Adolescence is synonymous with change. Children slowly start becoming adults, forming their own peer relationships and becoming independent beings. It is also a time where we may question the world around us, in our quest to find our identity.
Nowadays we are bombarded by a barrage of content, presenting different and often conflicting portrayals of standards, beauty and happiness. Different social platforms have enabled us to gain more information than ever before; also allowing us to showcase our beliefs and opinions to the rest of the world. Through the internet, we are given the power to access any piece of information we desire at the click of a button. But does this come at a cost? For teenagers, the digital world has brought up unforeseen challenges that make this already turbulent time even more trying.
It is no secret that teenagers nowadays are suffering more from mental health issues such as low self-esteem, depression and anxiety. These phrases are often used interchangeably and society has seemingly accepted these terms as part of normal, everyday life. However, if we take a minute to reflect we may realise that certain issues teenagers are facing right now are far greater than ever before.
Perfection is an unattainable state where a person becomes the best version of themselves, free of all mistakes and self-doubt. Seems slightly unrealistic doesn’t it? However if you take a look at several influencers on social media, teenagers are often following people who are highly successful, which unknowingly puts extra pressure on these young adults as for them, this is what success looks like.
Therefore, unsurprisingly, teenagers start to form unrealistic goals such as looking fabulous all the time and sporting different brands in order to feel accepted. Failing to meet certain ideals may also lead to cyberbullying; an epidemic which is making so many teens fall prey to keyboard heroes who may brutally criticise and affect an individual’s self-worth.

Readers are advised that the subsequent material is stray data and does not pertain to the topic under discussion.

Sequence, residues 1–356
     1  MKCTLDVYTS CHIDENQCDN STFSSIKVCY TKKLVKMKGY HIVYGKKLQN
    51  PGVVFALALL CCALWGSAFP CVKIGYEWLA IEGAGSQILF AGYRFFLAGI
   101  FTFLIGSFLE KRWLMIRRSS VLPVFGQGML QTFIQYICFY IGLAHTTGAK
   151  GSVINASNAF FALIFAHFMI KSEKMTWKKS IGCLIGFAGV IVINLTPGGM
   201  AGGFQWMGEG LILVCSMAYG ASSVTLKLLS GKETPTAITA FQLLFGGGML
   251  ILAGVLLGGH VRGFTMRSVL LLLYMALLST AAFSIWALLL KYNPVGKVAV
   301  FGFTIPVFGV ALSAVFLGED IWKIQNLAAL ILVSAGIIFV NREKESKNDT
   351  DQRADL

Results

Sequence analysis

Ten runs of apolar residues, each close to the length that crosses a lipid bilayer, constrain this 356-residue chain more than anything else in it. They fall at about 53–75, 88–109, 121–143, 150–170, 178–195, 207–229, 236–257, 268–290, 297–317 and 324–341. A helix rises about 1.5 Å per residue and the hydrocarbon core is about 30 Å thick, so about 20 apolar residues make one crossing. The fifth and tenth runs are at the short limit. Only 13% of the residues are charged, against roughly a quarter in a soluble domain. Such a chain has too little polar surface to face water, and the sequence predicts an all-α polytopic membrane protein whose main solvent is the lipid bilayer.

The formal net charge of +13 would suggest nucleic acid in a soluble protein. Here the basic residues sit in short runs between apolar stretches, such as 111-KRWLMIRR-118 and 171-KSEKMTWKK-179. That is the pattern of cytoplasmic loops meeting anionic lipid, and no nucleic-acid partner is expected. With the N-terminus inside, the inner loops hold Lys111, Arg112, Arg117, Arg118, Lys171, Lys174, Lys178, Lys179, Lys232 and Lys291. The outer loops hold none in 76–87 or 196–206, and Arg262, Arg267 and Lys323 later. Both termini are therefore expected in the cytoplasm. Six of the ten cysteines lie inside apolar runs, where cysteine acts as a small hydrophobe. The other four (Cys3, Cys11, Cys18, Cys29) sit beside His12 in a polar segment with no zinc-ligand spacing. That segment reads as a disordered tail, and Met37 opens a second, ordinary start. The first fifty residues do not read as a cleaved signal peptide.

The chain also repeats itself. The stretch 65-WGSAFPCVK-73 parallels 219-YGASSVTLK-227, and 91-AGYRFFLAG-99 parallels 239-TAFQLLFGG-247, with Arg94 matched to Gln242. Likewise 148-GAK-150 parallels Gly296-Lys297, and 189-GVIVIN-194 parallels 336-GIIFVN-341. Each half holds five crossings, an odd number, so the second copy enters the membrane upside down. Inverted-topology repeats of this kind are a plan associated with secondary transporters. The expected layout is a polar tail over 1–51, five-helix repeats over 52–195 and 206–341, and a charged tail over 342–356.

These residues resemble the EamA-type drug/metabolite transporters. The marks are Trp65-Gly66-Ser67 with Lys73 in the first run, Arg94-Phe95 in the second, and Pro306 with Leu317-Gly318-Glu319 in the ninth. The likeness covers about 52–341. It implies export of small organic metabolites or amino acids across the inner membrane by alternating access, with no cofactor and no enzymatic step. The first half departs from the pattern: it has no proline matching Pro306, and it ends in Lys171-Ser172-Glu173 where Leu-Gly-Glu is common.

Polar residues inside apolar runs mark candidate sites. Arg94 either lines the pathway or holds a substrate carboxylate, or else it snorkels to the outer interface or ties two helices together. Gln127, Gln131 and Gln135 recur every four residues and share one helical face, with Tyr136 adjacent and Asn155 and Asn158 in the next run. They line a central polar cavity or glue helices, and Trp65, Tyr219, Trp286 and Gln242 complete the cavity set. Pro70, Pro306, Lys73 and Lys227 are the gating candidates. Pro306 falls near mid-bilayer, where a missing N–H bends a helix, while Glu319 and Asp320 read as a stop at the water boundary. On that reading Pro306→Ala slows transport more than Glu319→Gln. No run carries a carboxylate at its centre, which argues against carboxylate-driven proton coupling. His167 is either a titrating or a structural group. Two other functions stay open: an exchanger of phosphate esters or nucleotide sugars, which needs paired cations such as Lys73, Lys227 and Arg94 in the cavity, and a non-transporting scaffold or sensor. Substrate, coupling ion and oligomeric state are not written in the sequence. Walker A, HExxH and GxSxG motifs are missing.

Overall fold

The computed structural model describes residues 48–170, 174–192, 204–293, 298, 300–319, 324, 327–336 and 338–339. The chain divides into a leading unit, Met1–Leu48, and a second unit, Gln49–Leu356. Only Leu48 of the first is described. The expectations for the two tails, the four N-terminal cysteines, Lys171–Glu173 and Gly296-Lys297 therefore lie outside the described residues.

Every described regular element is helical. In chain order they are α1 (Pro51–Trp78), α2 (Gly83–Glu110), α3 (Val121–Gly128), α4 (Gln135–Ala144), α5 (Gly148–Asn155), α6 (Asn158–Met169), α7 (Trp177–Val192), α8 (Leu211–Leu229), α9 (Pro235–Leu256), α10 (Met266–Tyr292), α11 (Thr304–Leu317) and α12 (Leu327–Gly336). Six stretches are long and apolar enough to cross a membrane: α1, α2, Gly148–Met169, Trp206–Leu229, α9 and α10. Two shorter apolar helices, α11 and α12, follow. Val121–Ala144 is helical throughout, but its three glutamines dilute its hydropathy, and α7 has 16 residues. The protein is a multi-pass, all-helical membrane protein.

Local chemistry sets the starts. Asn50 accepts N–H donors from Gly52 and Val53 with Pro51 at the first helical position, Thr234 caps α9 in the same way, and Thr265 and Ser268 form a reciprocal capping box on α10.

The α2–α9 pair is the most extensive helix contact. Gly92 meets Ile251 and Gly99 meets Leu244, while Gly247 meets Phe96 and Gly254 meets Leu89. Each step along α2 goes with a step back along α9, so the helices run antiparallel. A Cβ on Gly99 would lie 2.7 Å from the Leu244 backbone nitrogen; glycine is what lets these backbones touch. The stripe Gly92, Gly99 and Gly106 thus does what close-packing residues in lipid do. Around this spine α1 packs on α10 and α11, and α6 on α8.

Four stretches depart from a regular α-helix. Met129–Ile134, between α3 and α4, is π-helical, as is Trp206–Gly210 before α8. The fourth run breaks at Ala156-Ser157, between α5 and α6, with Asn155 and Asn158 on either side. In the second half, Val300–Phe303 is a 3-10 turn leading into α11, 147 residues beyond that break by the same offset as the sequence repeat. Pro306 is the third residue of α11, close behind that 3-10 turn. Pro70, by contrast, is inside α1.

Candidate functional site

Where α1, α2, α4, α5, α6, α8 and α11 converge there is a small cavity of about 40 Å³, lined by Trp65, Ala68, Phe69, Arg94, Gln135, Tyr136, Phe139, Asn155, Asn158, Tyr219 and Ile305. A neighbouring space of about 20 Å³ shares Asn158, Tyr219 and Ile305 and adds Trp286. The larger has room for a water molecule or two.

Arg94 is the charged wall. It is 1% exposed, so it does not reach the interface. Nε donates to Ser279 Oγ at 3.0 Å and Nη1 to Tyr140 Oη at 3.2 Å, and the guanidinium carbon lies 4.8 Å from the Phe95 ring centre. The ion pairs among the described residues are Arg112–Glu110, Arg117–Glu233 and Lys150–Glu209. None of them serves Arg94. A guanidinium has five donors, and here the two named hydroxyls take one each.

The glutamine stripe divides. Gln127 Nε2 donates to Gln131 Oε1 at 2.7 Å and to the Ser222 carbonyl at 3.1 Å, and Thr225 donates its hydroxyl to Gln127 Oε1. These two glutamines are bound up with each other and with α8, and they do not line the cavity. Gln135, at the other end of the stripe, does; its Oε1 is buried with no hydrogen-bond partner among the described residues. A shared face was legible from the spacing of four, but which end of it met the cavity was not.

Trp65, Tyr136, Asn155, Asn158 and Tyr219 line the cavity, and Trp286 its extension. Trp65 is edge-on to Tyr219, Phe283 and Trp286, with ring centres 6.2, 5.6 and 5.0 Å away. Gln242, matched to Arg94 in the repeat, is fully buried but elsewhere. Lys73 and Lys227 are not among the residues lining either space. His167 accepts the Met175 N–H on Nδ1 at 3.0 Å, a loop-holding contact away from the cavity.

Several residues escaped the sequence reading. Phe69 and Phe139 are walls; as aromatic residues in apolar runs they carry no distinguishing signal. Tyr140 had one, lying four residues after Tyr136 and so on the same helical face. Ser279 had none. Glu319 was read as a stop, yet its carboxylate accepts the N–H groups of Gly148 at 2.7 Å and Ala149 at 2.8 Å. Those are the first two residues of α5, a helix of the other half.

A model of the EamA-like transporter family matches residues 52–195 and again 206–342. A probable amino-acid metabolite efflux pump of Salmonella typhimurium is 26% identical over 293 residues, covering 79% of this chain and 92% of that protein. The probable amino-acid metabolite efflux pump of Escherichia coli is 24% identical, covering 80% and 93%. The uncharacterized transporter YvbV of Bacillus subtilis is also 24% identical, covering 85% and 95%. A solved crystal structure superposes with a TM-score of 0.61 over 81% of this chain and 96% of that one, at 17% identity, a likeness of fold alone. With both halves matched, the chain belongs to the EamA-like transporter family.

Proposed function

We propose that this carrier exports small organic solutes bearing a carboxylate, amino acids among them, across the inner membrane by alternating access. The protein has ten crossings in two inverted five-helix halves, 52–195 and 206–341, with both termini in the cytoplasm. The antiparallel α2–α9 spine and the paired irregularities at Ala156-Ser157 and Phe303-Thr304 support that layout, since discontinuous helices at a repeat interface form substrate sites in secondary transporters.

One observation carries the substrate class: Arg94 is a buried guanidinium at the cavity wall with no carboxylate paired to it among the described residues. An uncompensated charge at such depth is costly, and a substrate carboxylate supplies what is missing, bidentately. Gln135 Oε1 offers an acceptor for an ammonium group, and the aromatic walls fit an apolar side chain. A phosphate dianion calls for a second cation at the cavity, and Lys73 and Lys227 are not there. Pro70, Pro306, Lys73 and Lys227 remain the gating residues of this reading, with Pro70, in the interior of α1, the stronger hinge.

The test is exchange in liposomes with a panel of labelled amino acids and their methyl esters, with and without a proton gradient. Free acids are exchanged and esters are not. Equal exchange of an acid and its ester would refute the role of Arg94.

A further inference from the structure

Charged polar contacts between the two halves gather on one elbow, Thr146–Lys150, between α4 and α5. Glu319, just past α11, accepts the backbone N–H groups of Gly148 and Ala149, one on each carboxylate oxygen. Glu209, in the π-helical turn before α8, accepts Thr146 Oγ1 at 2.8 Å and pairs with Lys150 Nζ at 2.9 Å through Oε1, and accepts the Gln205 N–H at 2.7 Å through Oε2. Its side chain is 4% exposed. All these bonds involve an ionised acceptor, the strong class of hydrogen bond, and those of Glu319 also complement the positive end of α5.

Unfortunately, these are not the only pressures these young people are facing. At home, teenagers might not have the right support system due to a number of reasons. Financial difficulties and marital problems often leave teenagers caught in the middle of a war they never wanted to be a part of. In turn, teens may resort to risky behaviour as a way to deal with these problems, often trying to mask their pain. Some teens may fall down the rabbit hole of substance abuse and addiction which may offer some momentary relief and distraction from it all. This is often coupled up with absenteeism from school and a general lack of motivation.
Gen Z was thrust into the digital world and its vastness. As adults, it is a must that we teach our children from a young age the risks and dangers of social media and how to safely be a part of it, while also respecting other people and think twice before posting online. When we were younger, our mistakes, our embarrassing moments weren’t recorded and shared a million times over. Unfortunately, nowadays such moments might be caught on Snap Chat and then on Tik Tok and than turned into a meme. Children, and even teenagers, cannot foresee the damage that such an action might bring about. Therefore, it is up to us parents and adults to teach and educate them.
In the end, it’s important to appreciate our teenagers with their many strengths and address their weaknesses with love and compassion. After all, the most primal need all humans possess is to connect with others and form healthy relationships that will hopefully last a lifetime.